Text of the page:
The table below shows various occupational-fatality risks before the pandemic, as well as the risk to teachers during the pandemic. The riskiest occupations were the fishing and hunting occupation, in which a fatality occurs once a year for every 690 persons employed. The rate for all jobs in the economy was one out of 28,571. Government jobs were safer than average, with deaths occurring once per 55,556 person years employed in 2019. In-person teaching during the pandemic was safer still. For the most common teacher demographic — those aged 25-44 with a spouse in the same age bracket — fatalities occurred once per year per 77,547 in-person teachers. The fatalities here include fatalities to teacher and family members from school-acquired COVID as well as other teacher fatalities from injuries occurring at school.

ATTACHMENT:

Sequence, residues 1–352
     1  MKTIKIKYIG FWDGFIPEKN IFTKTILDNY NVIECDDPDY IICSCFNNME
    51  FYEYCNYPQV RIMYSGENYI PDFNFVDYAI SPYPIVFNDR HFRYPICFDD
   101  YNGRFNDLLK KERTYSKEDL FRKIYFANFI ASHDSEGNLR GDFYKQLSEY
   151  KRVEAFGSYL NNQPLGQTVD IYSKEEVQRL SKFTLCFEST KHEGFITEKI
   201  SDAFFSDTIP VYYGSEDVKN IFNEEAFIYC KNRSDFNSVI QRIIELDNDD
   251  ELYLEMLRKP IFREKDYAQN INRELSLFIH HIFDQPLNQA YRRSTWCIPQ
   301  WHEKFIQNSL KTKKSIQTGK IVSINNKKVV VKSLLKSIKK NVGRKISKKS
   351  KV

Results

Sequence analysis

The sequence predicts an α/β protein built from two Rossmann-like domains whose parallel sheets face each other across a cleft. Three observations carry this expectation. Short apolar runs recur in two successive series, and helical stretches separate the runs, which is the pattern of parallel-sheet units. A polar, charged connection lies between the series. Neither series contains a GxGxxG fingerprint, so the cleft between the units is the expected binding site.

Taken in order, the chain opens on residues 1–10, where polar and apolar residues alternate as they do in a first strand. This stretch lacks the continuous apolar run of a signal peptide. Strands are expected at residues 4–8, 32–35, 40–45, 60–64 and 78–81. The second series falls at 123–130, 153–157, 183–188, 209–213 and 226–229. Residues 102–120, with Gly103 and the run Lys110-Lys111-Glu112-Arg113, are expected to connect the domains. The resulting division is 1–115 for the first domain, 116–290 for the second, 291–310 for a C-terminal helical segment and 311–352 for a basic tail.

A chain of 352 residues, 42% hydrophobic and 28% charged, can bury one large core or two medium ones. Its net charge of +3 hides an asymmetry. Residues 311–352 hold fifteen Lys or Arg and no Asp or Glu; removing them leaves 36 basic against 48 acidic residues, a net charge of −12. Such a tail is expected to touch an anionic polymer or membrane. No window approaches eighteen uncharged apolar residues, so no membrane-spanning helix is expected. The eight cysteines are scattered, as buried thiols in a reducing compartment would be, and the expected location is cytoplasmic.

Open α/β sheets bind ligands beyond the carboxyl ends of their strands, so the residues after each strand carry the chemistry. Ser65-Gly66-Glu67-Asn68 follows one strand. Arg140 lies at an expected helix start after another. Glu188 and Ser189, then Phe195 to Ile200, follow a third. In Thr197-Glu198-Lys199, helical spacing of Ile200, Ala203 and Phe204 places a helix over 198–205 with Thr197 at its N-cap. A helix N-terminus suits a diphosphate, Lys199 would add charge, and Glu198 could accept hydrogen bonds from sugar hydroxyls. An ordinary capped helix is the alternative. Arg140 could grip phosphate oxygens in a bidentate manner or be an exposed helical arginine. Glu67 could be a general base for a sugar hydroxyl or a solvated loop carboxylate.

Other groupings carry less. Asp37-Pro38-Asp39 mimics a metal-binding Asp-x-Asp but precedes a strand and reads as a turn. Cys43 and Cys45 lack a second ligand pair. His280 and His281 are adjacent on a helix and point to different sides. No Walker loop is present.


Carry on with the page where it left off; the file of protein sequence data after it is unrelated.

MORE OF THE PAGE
For every 22 million unvaccinated students and teachers schooling in person for a five-day week, the expected number of fatalities from school-acquired COVID-19 among teachers and spouses is one or fewer. Note that 22 million people distanced six feet apart would form a line that covers the entire Earth’s equator and overlap itself again for 2,700 miles.
These results show that the COVID risks of teaching in person are well within the range of familiar occupational risks that are priced in the labor market at about $10 million per expected fatality. Using that price, the cost of teaching a day in person (in fall 2020, before any vaccine was available) compared with spending the day in a zero-risk environment ranged from less than a penny per day for a young teacher living alone in a low-prevalence community to $29 per day for an elderly teacher living with an elderly adult in a high-prevalence community.